What distinguishes this approach from most other contributions in the area of continuous
crystallizer control is that controllers are designed on basis of an infinite-dimensional
model. The population balance model is not discretized prior to controller design.
Control of Batch Crystallization Using System Inversion
The second part of the thesis, dealing with batch crystallization, comprises Chapters 5
and 6. In batch cooling crystallization the product quality is determined by the CSD at
the end of the batch, which can be influenced by the cooling profile, i.e. the temperature
trajectory during the batch run. In an experiment or by numeric simulation of a population
balance model, it is obviously possible to determine the product CSD created by
a given temperature trajectory. The solution of the reverse problem, i.e. the design of
a temperature trajectory which produces a specific CSD defined as a function of crystal
length, requires inversion of the system model.
In Chapter 5, a relatively simple standard population balance model [MR94] is presented
which allows the derivation of a finite-dimensional moment model. The notion of differential
flatness [FLMR92] is introduced and it is shown that the moment model is not flat
immediately but can be rendered flat by an appropriate state dependent time scaling. Such
systems are called orbitally flat. In Chapter 6, it is shown that the system model can be inverted,
exploiting the flatness property of the time scaled moment model and the structure
of the time scaled population balance. Thus, for a given desired final CSD it is possible to
check whether it can be produced under the given conditions and, if so, the corresponding
temperature trajectory can be computed analytically. In the literature, the most common
approach to batch crystallizer control is the dynamic optimization of CSD properties. It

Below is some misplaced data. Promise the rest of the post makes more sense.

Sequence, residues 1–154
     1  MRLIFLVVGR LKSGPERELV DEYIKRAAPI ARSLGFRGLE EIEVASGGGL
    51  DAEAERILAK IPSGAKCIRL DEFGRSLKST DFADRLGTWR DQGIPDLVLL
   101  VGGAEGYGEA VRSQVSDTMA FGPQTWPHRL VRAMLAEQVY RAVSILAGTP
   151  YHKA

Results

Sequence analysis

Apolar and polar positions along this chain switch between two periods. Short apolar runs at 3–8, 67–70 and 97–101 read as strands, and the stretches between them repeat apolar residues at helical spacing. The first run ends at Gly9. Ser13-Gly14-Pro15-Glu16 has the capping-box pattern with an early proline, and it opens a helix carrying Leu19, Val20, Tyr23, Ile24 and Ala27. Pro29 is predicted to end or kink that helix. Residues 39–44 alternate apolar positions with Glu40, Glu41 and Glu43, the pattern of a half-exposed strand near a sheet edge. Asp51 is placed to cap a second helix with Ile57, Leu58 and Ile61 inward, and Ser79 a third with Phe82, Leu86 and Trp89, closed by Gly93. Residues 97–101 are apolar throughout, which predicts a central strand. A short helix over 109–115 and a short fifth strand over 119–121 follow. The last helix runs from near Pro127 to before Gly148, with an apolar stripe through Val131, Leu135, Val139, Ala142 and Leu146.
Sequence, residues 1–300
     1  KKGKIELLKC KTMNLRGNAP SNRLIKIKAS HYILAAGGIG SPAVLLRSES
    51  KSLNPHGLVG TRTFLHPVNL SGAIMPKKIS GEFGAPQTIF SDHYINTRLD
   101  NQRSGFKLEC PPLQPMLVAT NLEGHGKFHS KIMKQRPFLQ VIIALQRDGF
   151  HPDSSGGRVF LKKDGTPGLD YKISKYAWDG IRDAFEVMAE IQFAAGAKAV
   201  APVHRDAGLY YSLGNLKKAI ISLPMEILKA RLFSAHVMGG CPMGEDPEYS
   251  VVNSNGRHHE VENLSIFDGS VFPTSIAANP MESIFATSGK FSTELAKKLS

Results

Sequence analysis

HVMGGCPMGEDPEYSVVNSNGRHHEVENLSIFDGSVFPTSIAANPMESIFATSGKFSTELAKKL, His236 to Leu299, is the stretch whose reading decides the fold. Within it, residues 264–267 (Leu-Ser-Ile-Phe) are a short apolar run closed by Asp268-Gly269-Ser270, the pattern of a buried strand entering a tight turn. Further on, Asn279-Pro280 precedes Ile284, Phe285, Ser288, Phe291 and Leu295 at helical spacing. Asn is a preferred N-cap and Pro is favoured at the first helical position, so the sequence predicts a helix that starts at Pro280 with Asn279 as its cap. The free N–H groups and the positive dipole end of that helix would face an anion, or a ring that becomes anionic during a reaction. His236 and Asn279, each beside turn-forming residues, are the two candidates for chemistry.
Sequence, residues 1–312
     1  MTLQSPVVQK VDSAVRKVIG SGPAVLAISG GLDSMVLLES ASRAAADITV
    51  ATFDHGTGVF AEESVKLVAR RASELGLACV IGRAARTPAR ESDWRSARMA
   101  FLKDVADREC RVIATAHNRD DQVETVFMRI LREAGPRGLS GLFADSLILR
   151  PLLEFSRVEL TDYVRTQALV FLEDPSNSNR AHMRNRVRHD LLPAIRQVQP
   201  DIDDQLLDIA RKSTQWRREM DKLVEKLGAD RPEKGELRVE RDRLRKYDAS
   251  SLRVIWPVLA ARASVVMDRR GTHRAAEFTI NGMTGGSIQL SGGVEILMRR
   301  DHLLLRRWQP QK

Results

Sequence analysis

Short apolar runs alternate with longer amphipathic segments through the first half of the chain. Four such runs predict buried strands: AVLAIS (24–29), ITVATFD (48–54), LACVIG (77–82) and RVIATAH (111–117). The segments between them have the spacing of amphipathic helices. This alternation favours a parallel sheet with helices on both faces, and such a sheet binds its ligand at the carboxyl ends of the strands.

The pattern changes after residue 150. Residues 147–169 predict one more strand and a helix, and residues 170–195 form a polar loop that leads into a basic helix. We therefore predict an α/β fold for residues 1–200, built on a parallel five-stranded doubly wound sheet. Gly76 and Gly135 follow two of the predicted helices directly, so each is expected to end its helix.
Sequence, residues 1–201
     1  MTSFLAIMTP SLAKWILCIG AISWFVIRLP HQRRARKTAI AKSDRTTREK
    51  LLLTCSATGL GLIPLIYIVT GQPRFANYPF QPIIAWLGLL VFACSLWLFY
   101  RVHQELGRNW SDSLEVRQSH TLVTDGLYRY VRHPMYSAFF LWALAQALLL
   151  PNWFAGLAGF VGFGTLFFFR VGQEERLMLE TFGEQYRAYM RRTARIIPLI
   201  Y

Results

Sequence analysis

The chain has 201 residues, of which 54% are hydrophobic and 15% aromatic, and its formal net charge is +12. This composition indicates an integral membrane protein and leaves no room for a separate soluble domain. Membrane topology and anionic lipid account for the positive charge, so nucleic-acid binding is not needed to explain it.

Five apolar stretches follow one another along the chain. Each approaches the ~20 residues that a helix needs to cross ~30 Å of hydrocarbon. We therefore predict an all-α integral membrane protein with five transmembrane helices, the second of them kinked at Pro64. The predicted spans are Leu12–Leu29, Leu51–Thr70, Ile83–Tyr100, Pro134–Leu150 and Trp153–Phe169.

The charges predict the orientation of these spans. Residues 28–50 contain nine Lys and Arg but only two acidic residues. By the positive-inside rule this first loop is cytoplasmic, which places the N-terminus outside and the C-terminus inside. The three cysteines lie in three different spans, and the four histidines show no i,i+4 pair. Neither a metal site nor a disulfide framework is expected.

is shown that this problem can be simplified considerably taking advantage of the system’s
flatness property. Finally, the design of nonlinear feedback tracking controllers is
presented, which control the system along desired trajectories of the moments.
The distinctive feature of this system inversion approach is the possibility to design a
temperature trajectory achieving one specific CSD defined as a function of crystal length
rather than merely optimizing a scalar property of the CSD. Moreover, temperature trajectories
are determined analytically whereas most other approaches rely on numerical
algorithms.
References
[FLMR92] M. Fliess, J. Levine, P. Martin, and P. Rouchon. On differentially flat nonlinear
systems. In Nonlinear Control Systems Design, pages 408-412. Pergamon Press, 1992.
[FOT96] C. Foias, H. Ozbay, and A. Tannenbaum. Robust Control of Infinite Dimensional
Systems. Springer, 1996.
[Mit02] A. Mitrovic. Population Balance Based Modelling, Simulation, Analysis and
Control of Crystallization Processes. PhD thesis, ISR, Universität Stuttgart,
2002.
[MR94] S.M. Miller and J.B. Rawlings. Model identification and control strategies
for batch cooling crystallizers. AIChE Journal, 40(8):1312-1327, 1994.